For lunch today, we were able to take one of our YWAM contacts out to one of his favorite places to eat. It’s called “Mike’s Burgers.” It’s pretty much the closest thing you can get to an American burger joint out here in Phnom Penh. It was actually pretty good (though it also had American prices, which means it was more than what we’ve grown accustomed to paying). I’ve never been so happy to eat a burger and fries in my life. I’m a very picky eater (just ask my wife), but I think the food here has been pretty good, yet for some reason, even if I like the taste, I can’t get myself to eat very much of it. It’s as if my body is cautious because it’s so unfamiliar. Anyways, that’s why I was happy for the burger and fries, especially after I just posted something about Red Robin (to which my dad, of course, told me that he and my mom would go there in my honor… thanks…).


After that, we went and visited a YWAM ministry called Children at Risk. They are children who are from the slums who are at a high risk to be trafficked. The people from these slums were originally living in slums inside of Phnom Penh, but the government said they would relocate them to a better place outside of the city. Instead, they took them and dumped them in the middle of nowhere, without shelter, plumbing, and water. Through the years, YWAM has helped them build shelter and teach them ways that they could make some money. They’ve done a lot more, but you can ask someone else that at another time.

Since these children come from places that are so poor, a lot of them end up getting trafficked because the families are promised that their children will receive healthier living conditins and better chances for education. Children at Risk was started to provide a better life and future for them. They started a school support program that enables families to send their children to school and maintains a high level of accountability to ensure that they are growing in their educattion through graduation. This allows them the ability to learn and succeed so that they can have a bigger impact on their future and stop the cycle of poverty and trafficking.

We got to participate in both a children’s after school program as well as a youth one. For the children, we sang a couple songs and taught them the motions. Then we played a couple games and Candi made a giant red tractor out of balloons to go with a story we read (I don’t know where in the world skills like that come from, but that woman has some talent!). It was fun to see the kids get into all the activities. They were laughing and giggling and we had a great time with them. At the end, we sent each one on their way with a bag of bread and a Beanie Baby (who came from you guys! them loved them… except for the firefly that I kept trying to give out that kept getting returned to other team members. I don’t blame them. it was weird-looking).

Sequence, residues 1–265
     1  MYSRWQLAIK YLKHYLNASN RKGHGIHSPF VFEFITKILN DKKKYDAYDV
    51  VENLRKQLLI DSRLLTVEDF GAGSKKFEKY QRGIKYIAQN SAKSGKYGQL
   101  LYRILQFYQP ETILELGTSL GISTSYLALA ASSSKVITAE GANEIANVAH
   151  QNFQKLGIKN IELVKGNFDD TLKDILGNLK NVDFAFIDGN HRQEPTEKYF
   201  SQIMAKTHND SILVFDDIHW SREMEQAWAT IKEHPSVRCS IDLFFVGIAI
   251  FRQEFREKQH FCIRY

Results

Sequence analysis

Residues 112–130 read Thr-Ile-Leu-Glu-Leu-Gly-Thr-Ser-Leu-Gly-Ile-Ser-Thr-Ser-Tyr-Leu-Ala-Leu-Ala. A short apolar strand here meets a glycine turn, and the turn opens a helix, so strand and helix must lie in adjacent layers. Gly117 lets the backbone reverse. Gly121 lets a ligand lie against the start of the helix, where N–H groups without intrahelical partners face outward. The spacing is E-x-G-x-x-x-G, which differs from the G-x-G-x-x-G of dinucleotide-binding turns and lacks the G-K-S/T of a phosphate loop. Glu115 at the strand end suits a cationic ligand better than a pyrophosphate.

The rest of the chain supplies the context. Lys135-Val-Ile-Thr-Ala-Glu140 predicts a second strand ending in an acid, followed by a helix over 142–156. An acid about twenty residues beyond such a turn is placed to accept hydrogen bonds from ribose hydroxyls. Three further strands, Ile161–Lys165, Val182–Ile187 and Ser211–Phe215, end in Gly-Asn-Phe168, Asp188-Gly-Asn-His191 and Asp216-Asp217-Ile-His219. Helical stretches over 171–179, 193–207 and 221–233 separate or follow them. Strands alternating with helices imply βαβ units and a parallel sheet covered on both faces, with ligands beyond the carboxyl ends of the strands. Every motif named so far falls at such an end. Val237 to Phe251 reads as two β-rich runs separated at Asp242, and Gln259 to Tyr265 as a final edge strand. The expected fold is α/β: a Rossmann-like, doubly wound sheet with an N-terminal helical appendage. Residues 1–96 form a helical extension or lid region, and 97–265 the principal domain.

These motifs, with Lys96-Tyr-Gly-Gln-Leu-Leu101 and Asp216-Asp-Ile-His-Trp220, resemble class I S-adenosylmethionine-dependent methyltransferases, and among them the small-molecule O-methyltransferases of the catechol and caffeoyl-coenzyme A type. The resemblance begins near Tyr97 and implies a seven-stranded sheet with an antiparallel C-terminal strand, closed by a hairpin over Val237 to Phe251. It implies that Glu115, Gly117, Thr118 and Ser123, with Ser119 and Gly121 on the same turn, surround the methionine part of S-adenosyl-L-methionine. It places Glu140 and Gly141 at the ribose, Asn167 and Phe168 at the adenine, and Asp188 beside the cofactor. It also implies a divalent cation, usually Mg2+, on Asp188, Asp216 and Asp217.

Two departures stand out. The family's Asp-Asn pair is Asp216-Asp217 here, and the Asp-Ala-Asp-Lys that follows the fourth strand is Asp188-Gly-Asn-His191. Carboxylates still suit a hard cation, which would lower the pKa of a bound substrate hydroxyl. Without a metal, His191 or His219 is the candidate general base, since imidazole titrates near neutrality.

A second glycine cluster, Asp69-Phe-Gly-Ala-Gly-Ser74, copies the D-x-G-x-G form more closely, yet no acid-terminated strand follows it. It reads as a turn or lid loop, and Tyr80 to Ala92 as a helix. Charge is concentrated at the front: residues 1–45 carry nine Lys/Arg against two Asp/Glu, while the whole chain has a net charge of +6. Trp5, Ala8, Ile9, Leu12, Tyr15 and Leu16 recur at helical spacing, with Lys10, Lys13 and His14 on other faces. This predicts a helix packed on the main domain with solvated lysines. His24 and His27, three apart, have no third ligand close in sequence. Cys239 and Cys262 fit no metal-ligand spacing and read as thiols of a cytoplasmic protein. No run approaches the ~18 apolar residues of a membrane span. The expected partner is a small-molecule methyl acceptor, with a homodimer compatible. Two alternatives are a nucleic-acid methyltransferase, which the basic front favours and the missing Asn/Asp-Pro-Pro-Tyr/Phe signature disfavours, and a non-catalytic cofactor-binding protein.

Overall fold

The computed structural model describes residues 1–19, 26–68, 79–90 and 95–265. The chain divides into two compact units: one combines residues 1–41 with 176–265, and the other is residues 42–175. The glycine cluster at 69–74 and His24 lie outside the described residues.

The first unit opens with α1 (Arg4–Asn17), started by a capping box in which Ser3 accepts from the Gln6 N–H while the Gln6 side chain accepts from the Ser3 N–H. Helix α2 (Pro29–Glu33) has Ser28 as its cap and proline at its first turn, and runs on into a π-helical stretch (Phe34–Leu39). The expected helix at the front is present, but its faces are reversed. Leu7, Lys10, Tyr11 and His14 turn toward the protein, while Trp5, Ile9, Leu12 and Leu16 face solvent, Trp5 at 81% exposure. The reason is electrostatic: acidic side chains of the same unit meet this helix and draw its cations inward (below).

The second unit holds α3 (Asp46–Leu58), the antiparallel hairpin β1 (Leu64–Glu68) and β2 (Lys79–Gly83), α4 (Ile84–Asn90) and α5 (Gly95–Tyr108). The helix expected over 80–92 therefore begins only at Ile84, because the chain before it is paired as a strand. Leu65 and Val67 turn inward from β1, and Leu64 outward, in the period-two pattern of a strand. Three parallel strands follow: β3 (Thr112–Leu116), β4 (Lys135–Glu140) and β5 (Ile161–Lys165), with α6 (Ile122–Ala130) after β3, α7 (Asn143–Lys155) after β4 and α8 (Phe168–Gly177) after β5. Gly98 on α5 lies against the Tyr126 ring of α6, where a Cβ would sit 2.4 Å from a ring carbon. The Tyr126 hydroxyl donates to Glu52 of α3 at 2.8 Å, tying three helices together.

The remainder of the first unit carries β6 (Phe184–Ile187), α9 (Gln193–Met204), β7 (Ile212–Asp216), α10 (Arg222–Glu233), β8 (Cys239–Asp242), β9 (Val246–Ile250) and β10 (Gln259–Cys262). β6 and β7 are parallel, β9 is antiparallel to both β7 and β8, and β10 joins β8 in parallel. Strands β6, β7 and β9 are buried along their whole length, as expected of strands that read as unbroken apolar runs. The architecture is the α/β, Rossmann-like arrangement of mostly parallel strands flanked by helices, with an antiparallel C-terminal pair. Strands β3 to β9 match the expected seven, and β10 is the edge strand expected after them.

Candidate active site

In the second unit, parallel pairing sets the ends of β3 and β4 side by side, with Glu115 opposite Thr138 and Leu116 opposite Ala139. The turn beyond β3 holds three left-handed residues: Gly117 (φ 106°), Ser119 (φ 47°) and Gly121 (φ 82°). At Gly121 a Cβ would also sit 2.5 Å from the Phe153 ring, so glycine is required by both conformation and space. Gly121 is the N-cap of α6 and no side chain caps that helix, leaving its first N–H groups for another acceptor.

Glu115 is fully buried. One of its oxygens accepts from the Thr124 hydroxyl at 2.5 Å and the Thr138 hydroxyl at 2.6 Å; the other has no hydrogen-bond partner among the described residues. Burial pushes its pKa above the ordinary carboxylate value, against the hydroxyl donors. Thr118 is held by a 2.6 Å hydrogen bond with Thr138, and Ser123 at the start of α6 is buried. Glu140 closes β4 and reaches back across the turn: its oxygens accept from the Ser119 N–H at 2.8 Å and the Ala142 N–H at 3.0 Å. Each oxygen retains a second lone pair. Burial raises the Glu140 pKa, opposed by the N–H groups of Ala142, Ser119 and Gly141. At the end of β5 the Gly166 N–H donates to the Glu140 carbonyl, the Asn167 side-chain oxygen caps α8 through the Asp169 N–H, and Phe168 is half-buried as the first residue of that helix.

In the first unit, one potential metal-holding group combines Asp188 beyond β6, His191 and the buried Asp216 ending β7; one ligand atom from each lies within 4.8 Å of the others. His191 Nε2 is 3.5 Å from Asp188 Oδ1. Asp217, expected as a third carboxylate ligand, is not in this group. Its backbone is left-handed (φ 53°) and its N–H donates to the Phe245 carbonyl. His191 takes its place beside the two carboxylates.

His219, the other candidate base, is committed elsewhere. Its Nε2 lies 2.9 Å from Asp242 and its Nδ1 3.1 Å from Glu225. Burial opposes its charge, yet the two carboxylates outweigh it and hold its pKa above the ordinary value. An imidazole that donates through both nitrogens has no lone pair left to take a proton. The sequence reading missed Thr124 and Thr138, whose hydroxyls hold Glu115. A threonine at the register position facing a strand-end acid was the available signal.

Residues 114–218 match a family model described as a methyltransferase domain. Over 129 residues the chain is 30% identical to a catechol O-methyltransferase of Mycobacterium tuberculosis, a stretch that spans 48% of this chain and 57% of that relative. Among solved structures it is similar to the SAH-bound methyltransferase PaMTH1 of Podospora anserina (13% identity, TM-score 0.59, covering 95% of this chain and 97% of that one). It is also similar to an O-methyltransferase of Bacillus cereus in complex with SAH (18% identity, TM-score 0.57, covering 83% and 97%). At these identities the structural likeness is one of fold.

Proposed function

For the youth program, we taught them a couple games, then did a couple songs of worship. They are in the process of learning English, so they were able to sing the songs with us. The songs were familiar so some sang in English and others in their native language of Khmer. Kara and Damien both shared their testimonies and both of them did such a fantastic job. I was very proud of them and I can tell Brian was too. I love it when kids learn how to share Jesus with others at a young age. In fact, that’s what we’ve been seeing in an lot of people here and I hope that my (future) kids learn the same. Krista then shared a message based on 2 Timothy 1:6-7. She’s got this Bible teaching thing down. It was already her second time doing it and both times were fantastic. Trevan and Richard did a little skit in English to help their comprehension and they were great as well. Their English is so good. The youth then pointed out different words that they recognized in English and Holly helped them with how to say it. It was neat to be used to educate them both in the Lord and in their schooling.

When we arrived back in the city, a married couple (with one on the way) from India wanted to make us dinner. They had just moved to Cambodia 6 months ago and were living on the YWAM base. They are such nice people and we were happy to get to spend that time with them. After that, we debriefed our week with Monica, the YWAM leader in Phnom Penh. We each got a chance to share different experiences with her and exchanged contact info so that we can continue to pray for each other after we leave.

Honestly, I don’t know why we don’t do that more often (or maybe you do, and I’m just saying “we” so I’m not ashamed if I’m the only one). Prayer is such a large part of our relationship with God and it is such a large part of the Bible. I think I feel selfish sometimes if I ask several people for prayer, but through my time here, I’ve learned that that’s pretty stupid. The apostle Paul write in Ephesians 6:18 to, “Pray in the Spirit on all occasions with all kinds of prayers and requests. With this in mind, be alert and always keep on praying for all the Lord’s people.” He then asks them to pray for him twice in the next two verses. Prayer should be as natural to us as watching TV or listening to music. Somehow, I’ve lost the magnitude of this and I desperately need to get it back.

It would be so easy for me to talk so much more about our time here in Cambodia, but if I do that tonight, I won’t have much to write about tomorrow. That is, unless you want me to tell you all the weird things I see while traveling. There are always strange people in airports. For example, during our layover in Seattle, I saw a group of people singing kids songs and doing little dances and hand motions in the middle of the gate area. There weren’t even little kids in that group!

Oh wait… that was us…

Pray for our traveling tomorrow (or today, depending when you read this). We have a layover in Malaysia before flying to the Philippines. Like always, we would like to get there safely and without problems. Then continue to pray for all the people here in Cambodia, from those who need Jesus to those who are sharing Him.


Chris Mac